…market value of built, but NOT sold goods.
government purchases
…government expenditures on goods and services
net exports
indirect business taxes
…taxes hidden in the purchase price (like gas)
consumption of fixed capital
…consumption of fixed capital
net domestic product
…subtract depreciation (consumption of fixed capital) from GDP.
keeps economy’s output from being overstated.
personal income
…income directly and indirectly earned by household.
spendable income
includes:welfare and unemployment benefits
disposable income
…actual amount to spend
nominal GDP
…GDP not adjust for inflation. shows final value of Goods and Services.
price index
a number that compares prices in one year with some earlier base year
……measures changes in prices of goods in a specific market basket that consumers purchase.
per capita
…per person
business cycle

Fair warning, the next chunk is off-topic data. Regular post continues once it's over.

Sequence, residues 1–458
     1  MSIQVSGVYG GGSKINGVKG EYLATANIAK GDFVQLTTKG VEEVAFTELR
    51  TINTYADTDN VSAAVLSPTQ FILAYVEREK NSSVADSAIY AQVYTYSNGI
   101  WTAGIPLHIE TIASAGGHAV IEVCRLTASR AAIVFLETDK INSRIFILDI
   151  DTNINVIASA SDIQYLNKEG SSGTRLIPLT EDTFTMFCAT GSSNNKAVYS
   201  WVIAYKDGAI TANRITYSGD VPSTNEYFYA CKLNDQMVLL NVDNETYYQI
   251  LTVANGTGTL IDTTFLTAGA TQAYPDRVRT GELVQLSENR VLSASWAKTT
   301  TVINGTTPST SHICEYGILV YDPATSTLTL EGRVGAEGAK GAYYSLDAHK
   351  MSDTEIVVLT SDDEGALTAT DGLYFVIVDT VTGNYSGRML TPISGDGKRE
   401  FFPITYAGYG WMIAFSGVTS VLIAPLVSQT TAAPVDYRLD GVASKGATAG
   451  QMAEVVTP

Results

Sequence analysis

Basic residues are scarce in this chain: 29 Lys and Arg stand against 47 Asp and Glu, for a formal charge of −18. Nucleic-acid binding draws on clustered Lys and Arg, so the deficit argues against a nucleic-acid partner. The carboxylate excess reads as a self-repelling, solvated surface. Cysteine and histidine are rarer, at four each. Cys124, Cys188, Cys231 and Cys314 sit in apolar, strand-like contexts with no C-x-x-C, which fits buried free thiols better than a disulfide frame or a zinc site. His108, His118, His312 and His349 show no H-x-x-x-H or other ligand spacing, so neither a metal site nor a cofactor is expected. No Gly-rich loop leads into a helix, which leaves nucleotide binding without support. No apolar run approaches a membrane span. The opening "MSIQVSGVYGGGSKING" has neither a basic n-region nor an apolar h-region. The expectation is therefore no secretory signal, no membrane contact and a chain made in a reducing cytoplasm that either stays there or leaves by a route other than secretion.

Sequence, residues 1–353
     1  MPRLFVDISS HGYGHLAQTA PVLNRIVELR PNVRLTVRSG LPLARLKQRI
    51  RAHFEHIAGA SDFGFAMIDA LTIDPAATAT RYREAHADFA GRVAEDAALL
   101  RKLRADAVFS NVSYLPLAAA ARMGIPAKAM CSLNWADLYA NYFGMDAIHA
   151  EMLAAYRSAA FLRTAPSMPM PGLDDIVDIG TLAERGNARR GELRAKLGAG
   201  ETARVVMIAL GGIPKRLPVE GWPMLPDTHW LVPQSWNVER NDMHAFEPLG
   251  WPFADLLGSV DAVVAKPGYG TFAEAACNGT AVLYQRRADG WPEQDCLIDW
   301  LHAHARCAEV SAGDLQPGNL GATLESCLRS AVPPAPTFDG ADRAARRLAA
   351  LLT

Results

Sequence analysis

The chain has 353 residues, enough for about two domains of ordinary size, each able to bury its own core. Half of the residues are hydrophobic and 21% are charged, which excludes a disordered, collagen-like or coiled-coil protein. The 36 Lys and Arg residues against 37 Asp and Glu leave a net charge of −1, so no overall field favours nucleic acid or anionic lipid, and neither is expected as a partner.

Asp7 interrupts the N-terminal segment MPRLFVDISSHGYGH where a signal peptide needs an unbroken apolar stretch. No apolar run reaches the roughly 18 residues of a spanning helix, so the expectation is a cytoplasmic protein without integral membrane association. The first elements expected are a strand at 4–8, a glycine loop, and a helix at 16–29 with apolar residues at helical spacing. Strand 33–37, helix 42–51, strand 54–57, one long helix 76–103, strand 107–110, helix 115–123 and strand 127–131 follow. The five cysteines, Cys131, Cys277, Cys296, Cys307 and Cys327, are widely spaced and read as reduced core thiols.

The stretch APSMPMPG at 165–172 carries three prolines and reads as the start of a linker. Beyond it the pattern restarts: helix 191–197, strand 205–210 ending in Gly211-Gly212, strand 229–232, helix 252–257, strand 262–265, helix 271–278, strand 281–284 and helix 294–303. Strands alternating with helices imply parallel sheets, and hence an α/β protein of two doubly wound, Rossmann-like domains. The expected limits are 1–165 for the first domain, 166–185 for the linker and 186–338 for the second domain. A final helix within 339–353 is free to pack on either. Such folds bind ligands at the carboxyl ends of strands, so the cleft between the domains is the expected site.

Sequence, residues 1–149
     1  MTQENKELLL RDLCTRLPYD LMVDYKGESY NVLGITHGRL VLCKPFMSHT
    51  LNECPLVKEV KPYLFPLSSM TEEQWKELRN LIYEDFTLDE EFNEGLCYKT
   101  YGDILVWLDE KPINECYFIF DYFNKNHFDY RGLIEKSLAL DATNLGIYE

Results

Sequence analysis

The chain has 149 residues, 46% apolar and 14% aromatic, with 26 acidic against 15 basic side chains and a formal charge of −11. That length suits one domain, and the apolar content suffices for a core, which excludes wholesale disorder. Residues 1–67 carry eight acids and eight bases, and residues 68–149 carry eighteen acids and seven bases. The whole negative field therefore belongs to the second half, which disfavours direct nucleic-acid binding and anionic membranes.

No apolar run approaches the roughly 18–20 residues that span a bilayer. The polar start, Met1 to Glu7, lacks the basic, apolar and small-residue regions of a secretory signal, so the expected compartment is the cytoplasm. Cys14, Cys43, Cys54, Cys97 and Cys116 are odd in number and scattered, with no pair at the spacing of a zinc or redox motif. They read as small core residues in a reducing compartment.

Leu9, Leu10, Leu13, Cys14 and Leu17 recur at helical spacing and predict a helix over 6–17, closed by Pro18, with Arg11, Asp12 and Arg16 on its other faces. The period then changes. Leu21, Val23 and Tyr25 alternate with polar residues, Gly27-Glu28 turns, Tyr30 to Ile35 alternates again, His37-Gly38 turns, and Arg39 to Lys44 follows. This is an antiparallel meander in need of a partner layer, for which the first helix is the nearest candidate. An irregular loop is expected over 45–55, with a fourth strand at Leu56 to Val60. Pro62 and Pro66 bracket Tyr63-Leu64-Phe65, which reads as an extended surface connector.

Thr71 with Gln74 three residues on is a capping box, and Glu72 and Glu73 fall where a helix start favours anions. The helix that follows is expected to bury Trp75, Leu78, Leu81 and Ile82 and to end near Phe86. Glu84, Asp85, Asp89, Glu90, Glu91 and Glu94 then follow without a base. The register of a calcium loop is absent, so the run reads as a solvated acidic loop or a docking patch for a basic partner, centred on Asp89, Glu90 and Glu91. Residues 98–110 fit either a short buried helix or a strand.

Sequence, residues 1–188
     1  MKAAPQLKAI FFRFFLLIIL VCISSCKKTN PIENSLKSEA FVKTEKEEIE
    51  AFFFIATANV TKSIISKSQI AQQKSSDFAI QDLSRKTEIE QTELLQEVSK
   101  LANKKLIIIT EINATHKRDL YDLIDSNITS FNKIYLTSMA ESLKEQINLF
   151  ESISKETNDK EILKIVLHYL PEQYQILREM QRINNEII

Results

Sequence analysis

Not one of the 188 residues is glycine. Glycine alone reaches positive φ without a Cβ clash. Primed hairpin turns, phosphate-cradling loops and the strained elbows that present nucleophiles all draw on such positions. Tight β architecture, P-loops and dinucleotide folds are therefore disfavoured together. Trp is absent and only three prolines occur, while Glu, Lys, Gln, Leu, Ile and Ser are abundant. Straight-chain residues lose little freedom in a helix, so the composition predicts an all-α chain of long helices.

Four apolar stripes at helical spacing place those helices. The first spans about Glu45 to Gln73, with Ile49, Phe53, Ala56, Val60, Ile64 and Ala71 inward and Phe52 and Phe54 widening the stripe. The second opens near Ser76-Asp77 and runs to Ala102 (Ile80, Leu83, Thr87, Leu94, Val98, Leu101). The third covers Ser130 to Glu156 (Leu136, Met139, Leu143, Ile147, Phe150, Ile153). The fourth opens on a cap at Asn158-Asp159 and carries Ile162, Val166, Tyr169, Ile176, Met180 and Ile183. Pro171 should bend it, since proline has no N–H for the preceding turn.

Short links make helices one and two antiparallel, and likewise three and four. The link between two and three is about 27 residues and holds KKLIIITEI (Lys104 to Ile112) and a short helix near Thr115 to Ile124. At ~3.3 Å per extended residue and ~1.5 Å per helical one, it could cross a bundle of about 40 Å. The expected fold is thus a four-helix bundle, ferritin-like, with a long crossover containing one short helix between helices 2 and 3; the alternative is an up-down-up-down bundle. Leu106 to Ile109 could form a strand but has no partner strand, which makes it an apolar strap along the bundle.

…the highs and lows of a the economy as people buy and sell goods and services
real output/ input
…high point in economy. during growth
…lowest point during economic contraction
…economy expands moving from a trough to a peak
economic growth
an increase in RGDP
rule of 70
…70 / annual % rate of growth in economy = how long it will take for economy to double
labor force
…people over 16 who:
-are employed or actively seeking employment
unemployment rate
# of employed / # in work force
discouraged workers
unemployed people who have given up looking for a job
frictional unemployment
…voluntary unemployment. short term as workers move from one job to another. as they look for a better opportunity
structural unemployment
involuntary unemployment. change in the structure of an economy. Workers skill do not equal employers needs.
cyclical unemployment
involuntary employment. caused by decrease in total spending in the economy. Businesses do not need as many workers to meet the demand.
natural rate of unemployment
…3-5% unemployment. there is always structural and frictional unemployment
GDP gap
forfeited output due to failure to create sufficient jobs
Okun’s Law
…, 1 percent more unemployment results in 2 percent less output
…increase in price level over time